In the build-up to the 2023 general election in Nigeria, a couple of unfamiliar news websites sprang up with the sole aim of dishing out several forms of disinformation to unsuspecting citizens.
The use of disinformation was highly weaponised as a political tool to sway voters in the recently concluded elections in Africa’s most populous country. The core of the strategy was discrediting political opponents with falsehood and advancing the candidacy of preferred politicians with the use of alternative reality.
In the post-election reports submitted to the Nigerian government by the European Union election observation mission, the foreign observers alleged that some top-ranking politicians “promoted information published by a suspicious website”, which went viral before it was debunked.
These websites engaged in the use of confirmation bias, cherry-picking information, emotional manipulation, conspiracy theories, selective framing, misleading headlines, out-of-context content, and adversarial journalism, in promoting their party and its candidates and of course, discrediting the opposition during the electioneering campaign.
Though the disinformation agenda started long before the elections, it essentially heightened shortly after the party primaries were concluded. Some of these news websites pretended to be churning out exclusive reports, analyses, and in some cases, fact checks lacking substance. But looking beyond the media gimmick is a clear attempt to drive certain preconceived political narratives.
Our correspondents monitored a few of the new “news websites” that played a key role during the 2023 election. They include; Lagos Today, TheLink News, Prose Nigeria, Gist Digest, IgboTimes Magazines, Podium Reporters, and InsideNews.
CHARACTERISTICS OF “FAKE NEWS” WEBSITES
Conspiracy Theories: Many political disinformation websites propagate conspiracy theories that resonate with their target audience. These theories can be sensational and compelling, capturing people’s attention even when they lack credible evidence. While some of the new websites shared outright falsehood, others stretched the truth, and in some cases, a mix of both. Disinformation websites are also known for promoting photoshopped images and combining old photos with unrelated captions or events.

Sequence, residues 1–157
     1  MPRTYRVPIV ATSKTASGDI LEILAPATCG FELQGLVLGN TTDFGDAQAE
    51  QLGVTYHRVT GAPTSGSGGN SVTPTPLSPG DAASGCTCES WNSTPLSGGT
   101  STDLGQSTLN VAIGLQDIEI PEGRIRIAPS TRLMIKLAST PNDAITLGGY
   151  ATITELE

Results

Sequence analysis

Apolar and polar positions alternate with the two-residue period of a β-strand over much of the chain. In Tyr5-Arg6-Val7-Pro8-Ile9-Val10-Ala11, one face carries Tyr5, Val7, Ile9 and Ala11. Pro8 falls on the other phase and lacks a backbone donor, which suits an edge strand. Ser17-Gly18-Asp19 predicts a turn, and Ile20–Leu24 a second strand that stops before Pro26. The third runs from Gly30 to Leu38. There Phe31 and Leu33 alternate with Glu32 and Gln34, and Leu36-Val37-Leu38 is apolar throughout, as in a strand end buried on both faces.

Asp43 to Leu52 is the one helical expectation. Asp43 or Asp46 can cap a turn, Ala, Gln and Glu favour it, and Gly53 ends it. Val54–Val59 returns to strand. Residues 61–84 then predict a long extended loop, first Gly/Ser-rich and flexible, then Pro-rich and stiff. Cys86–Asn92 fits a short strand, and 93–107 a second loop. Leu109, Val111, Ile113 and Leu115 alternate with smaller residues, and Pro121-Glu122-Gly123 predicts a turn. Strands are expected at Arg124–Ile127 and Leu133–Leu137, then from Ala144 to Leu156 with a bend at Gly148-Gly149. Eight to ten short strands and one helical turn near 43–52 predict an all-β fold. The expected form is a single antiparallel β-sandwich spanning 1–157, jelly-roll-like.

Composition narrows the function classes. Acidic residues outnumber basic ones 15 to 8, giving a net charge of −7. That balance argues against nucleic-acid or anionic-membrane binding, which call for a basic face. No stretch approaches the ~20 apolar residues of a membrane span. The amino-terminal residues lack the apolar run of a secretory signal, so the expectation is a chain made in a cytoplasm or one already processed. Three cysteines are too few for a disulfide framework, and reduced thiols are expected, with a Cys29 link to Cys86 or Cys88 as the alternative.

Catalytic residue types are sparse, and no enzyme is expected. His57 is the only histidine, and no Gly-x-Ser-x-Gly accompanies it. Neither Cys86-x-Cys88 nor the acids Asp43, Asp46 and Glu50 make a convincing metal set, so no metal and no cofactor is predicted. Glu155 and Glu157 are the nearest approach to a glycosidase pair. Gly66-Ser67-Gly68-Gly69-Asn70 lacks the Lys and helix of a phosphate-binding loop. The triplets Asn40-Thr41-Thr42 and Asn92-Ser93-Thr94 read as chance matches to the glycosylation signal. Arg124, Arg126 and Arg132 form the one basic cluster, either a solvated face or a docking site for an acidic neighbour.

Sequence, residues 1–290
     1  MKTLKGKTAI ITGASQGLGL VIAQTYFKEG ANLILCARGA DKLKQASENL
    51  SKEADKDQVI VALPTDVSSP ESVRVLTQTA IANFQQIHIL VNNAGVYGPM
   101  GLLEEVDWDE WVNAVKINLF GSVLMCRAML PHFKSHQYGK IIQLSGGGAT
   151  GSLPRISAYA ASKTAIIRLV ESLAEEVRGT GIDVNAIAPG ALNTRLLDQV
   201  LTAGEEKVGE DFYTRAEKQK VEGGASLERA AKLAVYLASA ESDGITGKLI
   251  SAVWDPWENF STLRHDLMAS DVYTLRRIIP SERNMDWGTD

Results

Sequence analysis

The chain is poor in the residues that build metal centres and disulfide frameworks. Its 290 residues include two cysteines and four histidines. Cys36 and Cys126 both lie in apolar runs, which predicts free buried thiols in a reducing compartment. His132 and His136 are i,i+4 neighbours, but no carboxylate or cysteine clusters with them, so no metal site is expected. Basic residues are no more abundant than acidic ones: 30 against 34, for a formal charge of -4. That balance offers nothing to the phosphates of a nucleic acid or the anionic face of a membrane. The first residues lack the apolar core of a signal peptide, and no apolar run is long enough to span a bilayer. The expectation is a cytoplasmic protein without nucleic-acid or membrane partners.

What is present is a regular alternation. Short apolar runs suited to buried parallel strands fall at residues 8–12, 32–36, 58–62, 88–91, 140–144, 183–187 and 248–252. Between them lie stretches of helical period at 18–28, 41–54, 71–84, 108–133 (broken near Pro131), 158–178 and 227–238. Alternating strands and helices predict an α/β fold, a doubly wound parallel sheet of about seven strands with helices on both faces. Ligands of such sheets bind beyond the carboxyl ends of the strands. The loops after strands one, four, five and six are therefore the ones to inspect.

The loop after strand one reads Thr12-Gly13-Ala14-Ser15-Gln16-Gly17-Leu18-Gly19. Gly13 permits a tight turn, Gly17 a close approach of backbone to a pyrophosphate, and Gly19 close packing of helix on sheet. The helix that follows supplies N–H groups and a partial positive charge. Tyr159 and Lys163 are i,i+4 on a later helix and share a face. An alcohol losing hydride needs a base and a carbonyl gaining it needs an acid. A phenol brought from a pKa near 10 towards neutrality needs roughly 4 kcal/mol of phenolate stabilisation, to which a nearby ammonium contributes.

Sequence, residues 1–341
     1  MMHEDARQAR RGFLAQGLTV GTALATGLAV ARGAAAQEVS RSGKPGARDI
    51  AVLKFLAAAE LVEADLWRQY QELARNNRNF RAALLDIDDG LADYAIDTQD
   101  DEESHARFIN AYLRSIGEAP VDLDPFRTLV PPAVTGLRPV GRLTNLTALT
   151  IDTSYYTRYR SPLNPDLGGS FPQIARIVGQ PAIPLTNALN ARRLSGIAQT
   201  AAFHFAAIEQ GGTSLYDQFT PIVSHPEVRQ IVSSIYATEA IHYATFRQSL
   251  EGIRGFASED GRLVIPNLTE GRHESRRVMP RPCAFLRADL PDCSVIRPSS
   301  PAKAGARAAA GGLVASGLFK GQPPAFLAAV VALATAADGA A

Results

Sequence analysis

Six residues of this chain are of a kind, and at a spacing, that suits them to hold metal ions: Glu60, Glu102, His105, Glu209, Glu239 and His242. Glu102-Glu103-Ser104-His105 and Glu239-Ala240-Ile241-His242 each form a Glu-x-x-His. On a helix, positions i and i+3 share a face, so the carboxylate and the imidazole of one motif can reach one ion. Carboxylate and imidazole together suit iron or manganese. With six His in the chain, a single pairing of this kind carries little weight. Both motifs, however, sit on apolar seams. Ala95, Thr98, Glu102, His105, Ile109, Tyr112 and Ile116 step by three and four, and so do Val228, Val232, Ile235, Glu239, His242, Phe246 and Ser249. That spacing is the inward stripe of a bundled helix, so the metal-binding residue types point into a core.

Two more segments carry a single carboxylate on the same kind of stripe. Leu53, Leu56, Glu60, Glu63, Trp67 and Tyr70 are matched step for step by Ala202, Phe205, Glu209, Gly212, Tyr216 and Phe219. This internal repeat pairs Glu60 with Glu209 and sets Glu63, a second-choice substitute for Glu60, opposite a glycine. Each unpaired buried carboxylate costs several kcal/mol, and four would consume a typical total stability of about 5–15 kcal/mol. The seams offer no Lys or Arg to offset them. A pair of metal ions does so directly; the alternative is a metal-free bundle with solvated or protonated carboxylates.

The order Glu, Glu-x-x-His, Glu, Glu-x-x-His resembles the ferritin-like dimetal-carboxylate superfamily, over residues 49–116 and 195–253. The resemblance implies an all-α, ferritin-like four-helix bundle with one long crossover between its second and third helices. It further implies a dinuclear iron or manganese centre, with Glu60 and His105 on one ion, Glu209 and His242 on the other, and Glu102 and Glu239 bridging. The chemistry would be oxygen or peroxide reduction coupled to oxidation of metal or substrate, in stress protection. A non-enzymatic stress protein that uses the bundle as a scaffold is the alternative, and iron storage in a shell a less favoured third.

“Popular Pastor Exposes Peter Obi’s N2B Bribe To Christian Bodies,” reads the tweeted headline.
The two billion naira was said to have been gifted to Christian bodies to “help and assist in mobilising and convincing their congregation to vote massively for the candidacy of Mr. Peter Obi”.
In response to the claim, the media office of the Labour Party (LP) said the claim was “concocted to tarnish the hard-earned reputation” of the party’s presidential candidate. The party described the news item as “blackmail stuff”, adding that the public should disregard it.
In addition, the Christian Association of Nigeria (CAN) said it is not aware of any two billion naira given to churches by Peter Obi, the presidential candidate of LP. The religious body added that the association is non-partisan and will not endorse or mobilise support for any candidate.
NigeriaCheck from its domain name could be mistaken for a fact-checking organisation, Reportera also pretended to be one. While the former was advancing pro-All Progressives Congress (APC) narratives, the latter drummed political support for Peter Obi and LP, through the pretentious vehicle of fact-checking.
Confirmation Bias and Emotional Manipulation: Usually, these websites easily sway voters or individuals who already hold a particular political stance. By reinforcing existing beliefs, they also encourage confirmation bias, where people seek out and believe information that supports their preconceived notions, even if the information is false or misleading.